Ramblin’ Man Fair Day 1

Saturday 23rd July

Mote Park, Maidstone, Kent

The weekend I’d been eagerly awaiting for months finally arrived; the forecast was perfect; the line-up awesome - what could possibly go wrong? Well, the M25 for a start, at a standstill before and after the Lakeside Retail Park - who the hell wants to go shopping on a day as glorious as Saturday?! But that was allowed for - you have to expect some delays on the M25. What I hadn’t anticipated was the 40-50 minute queue for wristbands at Mote Park!! As a result I missed most of the opening set from Leogun. Though not entirely, fortunately the Rising Stage was close to the entrance and Tommy Smith’s soulful vocals and hard-edge guitar riffs were clearly audible to the snaking queue on the far side of the perimeter fence! Much appreciated they were too! However, sound quality was inevitably diminished with distance, and Leogun’s engaging stage presence completely lost. I hope the Fair’s organisers can ensure such excessive queuing is avoided in future.



After just catching the end of Leogun’s set, I headed to the Planet Rock Stage to see Inglorious, one of the youngest and freshest rock bands at this year’s Fair. Their pulsating rock, which focused on tracks from their recently released, self titled debut album, set the main stage’s tone for the day. My personal favourites were the hard, pounding ‘Warning’, and ‘Holy Water’, a singalong well known to many in the audience. It was obvious the band have already built a sizeable fan base - it is not difficult to see why. For more information on Inglorious, don’t miss the WRC’s soon-to-be-posted coverage of their interview with our very own AJ and WTS, held soon after their Ramblin’ Man Fair set.



Next up was my first visit to the Prog in the Park Stage to see supergroup Frost. My initial impression was that they were a little confused - a full set of Hawaiian T-shirts is not what you expect from a band called Frost. As for lead singer/guitarist John Mitchell’s bare feet - surely he wasn’t going to regale us with Sandie Shaw impressions?! Fortunately not: the audience was treated to a varied set of contemporary progressive rock, primarily loud and fast, but finishing with the slightly slower, less experimental ‘Black Light Machine’. My only disappointment was that Frost’s set was so short: like all the early bands, they were only allocated 30 minutes and had to finish just as their set seemed about to take off!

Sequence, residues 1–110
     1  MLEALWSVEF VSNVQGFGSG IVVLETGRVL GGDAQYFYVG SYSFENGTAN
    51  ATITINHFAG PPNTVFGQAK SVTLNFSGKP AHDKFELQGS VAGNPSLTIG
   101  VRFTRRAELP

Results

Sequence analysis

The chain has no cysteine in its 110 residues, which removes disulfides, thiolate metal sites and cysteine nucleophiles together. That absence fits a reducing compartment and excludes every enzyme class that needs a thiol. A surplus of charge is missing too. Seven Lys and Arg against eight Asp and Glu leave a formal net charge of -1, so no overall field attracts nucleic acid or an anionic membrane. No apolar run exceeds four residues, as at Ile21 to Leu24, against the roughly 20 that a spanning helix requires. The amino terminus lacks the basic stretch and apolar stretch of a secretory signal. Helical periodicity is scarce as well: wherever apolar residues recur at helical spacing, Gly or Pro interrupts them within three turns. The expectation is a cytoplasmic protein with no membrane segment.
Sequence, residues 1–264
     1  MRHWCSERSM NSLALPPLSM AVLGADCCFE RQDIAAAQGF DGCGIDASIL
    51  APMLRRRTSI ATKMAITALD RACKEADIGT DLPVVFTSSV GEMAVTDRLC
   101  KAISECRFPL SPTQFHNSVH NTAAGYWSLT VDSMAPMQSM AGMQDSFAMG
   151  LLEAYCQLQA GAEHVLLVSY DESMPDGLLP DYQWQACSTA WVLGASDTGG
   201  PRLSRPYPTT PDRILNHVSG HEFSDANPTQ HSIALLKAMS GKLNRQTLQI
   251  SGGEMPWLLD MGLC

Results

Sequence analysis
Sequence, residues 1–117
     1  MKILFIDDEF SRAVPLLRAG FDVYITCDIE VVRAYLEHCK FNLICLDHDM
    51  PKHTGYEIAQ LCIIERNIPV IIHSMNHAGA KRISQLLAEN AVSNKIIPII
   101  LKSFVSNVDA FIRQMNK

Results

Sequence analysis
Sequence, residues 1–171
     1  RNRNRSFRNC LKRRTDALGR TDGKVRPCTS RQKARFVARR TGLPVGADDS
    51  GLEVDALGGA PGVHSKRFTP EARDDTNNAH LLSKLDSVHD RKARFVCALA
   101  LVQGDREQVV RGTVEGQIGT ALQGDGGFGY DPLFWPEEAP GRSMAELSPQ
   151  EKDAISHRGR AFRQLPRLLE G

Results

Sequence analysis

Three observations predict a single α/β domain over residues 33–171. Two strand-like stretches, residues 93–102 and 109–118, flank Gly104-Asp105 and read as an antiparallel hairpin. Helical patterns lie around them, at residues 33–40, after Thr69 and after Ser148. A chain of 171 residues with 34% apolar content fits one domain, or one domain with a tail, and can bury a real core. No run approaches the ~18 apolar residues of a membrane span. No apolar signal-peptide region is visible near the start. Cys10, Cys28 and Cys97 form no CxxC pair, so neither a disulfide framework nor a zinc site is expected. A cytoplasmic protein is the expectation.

Purson took to the Prog Stage while a few WRC members were enjoying much needed refreshments in the nearby bar tent. It made a change to hear a female voice: rock continues to be a predominantly male preserve and Rosalie Cunningham, Purson’s lead singer and guitarist, was virtually the only female on any of the Fair’s four stages all weekend! Named after one of demonology’s Kings of Hell, Purson have described their sound as “vaudeville carny psych”. From the distant bar tent it sounded like typical psychedelic rock - powerful, definitely enjoyable, but fairly straightforward. It was only when I advanced closer to the stage that I really heard the subtleties in their music and began to appreciate how Purson are infusing the psychedelic tradition with a creepy yet uplifting edge. The eroticism and magic in Rosalind’s vocals is fundamental to Purson’s progressive sound, but Sam Shove’s keyboards and George Hudson’s guitar also play a key part. The next time I see them I’ll be up front, beer in hand, before the set starts.



Straight after Purson, I’d hoped to see Whiskey Myers on the Outlaw Country Stage but, by the time I arrived, the tent housing the stage was bulging, with crowded semicircles outside every entrance. There was little choice but to pay another visit to the real ale tent on my way back to Planet Rock, where Ginger Wildheart played a typical set of melodic hard rock. The crowd loved it, both the old favourites they knew well (was anybody not singing along to ‘Sonic Shake’?) and more recent songs (‘That’s a Nasty Habit You’ve Got There’ went down particularly well, as did ‘Ostracide’, penned in 2015).